Patriots Day: Softball games show veteran amputees competitive spirit

Jeff Birchfield • Apr 27, 2019 at 5:47 PM

While it was fun and games for the USA Patriots softball team, they also proved to be serious competitors.

The USA Patriots, made up of military veterans who are amputees, faced teams from the Johnson City Fire and Police Departments in a Saturday doubleheader at TVA Credit Union Ballpark.

Cody Rice, who has been featured on ESPN’s amputee home run derby, belted two home runs and also had a ground-rule double in his team’s 10-4 opening-game win over the Johnson City Fire Department.

“I’m a bigger guy and I’ve always had power hitting the ball,” Rice said. “It’s a little more exciting when you hit the big one. The first one, I hit for power, and the second one, I was trying to put in the gap between right and center.”

Rice, a former U.S. Army Staff Sergeant, is in his fifth year playing with the formerly named Wounded Warrior Amputee Softball Team. The Ohio native, who now lives in California, had his lower right leg amputated while serving in Afghanistan.

He and others tour the country playing the exhibition games, which take in donations for camps for young amputees. The veterans also enjoy a camraderie that reminds Rice of his active duty days.

“I think every veteran should do something where you’re with groups,” Rice said. “This is basically our little sub-culture of amputee veterans, who get to play softball and spend time with each other. It’s like old times in the Army. It’s cool.”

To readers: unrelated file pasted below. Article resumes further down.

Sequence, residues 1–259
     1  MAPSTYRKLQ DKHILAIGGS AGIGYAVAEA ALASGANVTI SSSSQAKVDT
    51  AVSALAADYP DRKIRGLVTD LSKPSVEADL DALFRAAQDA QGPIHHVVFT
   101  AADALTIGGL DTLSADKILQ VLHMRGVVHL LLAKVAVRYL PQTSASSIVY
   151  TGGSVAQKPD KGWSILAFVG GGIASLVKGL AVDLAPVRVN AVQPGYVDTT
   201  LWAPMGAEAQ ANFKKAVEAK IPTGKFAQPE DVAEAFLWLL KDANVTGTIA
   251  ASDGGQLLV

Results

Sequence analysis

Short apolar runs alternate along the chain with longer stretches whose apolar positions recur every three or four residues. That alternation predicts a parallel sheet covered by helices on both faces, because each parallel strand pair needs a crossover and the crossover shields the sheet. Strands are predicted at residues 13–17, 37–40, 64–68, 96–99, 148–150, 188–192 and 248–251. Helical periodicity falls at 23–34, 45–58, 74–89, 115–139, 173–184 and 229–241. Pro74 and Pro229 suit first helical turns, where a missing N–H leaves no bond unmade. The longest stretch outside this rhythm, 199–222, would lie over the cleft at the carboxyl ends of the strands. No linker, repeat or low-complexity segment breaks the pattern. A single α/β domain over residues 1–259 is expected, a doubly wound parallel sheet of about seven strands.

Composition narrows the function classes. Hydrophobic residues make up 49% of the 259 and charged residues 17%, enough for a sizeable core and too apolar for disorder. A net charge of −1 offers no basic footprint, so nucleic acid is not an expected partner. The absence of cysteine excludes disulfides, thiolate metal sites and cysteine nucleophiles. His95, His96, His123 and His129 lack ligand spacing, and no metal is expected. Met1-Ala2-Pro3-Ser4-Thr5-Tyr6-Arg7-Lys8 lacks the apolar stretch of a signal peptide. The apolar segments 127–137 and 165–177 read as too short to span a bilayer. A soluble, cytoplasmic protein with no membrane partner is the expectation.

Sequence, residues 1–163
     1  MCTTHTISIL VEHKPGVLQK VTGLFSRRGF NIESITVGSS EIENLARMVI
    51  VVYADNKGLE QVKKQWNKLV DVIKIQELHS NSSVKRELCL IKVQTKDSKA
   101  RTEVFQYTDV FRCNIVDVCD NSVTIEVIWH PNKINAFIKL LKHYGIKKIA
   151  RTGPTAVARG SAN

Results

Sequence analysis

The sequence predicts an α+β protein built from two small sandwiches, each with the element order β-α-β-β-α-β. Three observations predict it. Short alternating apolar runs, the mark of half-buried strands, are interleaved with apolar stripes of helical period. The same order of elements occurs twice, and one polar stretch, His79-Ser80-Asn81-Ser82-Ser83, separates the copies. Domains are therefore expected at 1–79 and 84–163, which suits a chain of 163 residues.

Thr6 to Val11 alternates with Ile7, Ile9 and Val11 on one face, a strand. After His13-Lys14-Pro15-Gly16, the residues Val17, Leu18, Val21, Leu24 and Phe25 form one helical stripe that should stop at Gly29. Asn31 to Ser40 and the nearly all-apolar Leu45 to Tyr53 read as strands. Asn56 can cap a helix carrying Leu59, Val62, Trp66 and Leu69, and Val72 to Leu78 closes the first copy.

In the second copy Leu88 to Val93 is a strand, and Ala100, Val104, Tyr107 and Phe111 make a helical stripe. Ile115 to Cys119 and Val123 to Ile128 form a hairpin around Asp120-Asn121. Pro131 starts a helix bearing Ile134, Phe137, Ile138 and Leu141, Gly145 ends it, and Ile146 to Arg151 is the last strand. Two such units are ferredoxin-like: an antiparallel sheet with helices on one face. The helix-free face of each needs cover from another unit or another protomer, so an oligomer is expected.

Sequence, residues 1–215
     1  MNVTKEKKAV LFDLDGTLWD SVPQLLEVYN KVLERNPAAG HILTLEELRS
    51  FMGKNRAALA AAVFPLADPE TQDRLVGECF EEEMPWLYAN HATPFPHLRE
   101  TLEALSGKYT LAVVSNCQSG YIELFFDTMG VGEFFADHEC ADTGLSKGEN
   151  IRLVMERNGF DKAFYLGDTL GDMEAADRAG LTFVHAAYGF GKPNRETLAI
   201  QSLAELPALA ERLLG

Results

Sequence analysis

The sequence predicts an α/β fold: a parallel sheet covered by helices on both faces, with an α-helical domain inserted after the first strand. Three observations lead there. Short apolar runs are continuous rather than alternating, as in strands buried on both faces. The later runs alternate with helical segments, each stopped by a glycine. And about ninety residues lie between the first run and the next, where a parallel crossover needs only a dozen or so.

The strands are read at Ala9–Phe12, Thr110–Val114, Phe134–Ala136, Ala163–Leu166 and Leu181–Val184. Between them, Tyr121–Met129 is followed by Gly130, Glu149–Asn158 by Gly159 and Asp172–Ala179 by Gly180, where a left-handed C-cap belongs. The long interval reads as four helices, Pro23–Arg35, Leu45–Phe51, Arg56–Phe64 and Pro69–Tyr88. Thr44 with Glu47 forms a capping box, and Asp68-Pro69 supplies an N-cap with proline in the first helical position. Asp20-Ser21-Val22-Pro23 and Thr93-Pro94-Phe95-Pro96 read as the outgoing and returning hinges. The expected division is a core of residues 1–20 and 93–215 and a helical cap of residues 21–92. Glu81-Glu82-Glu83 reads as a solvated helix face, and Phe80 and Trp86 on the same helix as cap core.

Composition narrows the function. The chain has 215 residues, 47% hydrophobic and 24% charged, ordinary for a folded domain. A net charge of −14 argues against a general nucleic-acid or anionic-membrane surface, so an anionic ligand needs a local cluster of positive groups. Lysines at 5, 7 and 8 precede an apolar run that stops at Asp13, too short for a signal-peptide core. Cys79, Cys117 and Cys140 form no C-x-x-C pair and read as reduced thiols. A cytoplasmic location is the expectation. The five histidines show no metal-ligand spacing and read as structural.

If there was any doubt about the team’s competitive nature, it was answered at the end of the second game. Several players were upset about losing 16-15 to the Johnson City Police Department on a walk-off single, when it was down to the game’s final out. As a whole, the USA Patriots win around 75 percent of their games.

Still, it is about much more than wins and losses, as first baseman Chris Hutton from North Dakota explained. They cross the country for 22 to 25 events per year for the kids’ benefit.

“We have events from California to Florida to New York,” he said. “There is a special bond we have as veterans, as amputees and our passion for softball. We are here to raise money for the kids and our annual kids camp.

“It’s special for me to play the police and fire departments. I’ve been a deputy sheriff back home for 21 years and we joke when we play them, it’s the cops and the robbers. It’s inspiring and it’s about serving beyond the uniform. It’s about the inspiration and letting people know because you have a difference, you don’t give up.”


Steven Chappell, who hit a home run for the Johnson City Fire Department, talked about what it meant for the local first responders to share the field with the USA Patriots team.

He was also impressed by the on-field talent shown by a couple of players.

He mentioned right fielder Greg Reynolds, who is missing one-fifth of his body — including his left arm — due to a motorcycle accident. Reynolds, who was given a 1-in-2,000 chance for survival, bats in the lead-off spot for the Patriots. He also proved to be an effective outfielder, catching a trio of fly balls and then quickly shedding his glove to get the ball to the infield.

“It’s an honor and privilege to play them with the sacrifice they’ve given to our country,” Chappell said. “The right fielder, to be able to transfer the ball like that, it was amazing and left us all in awe. The way Cody Rice hit it, I haven’t seen a softball go that far before.”

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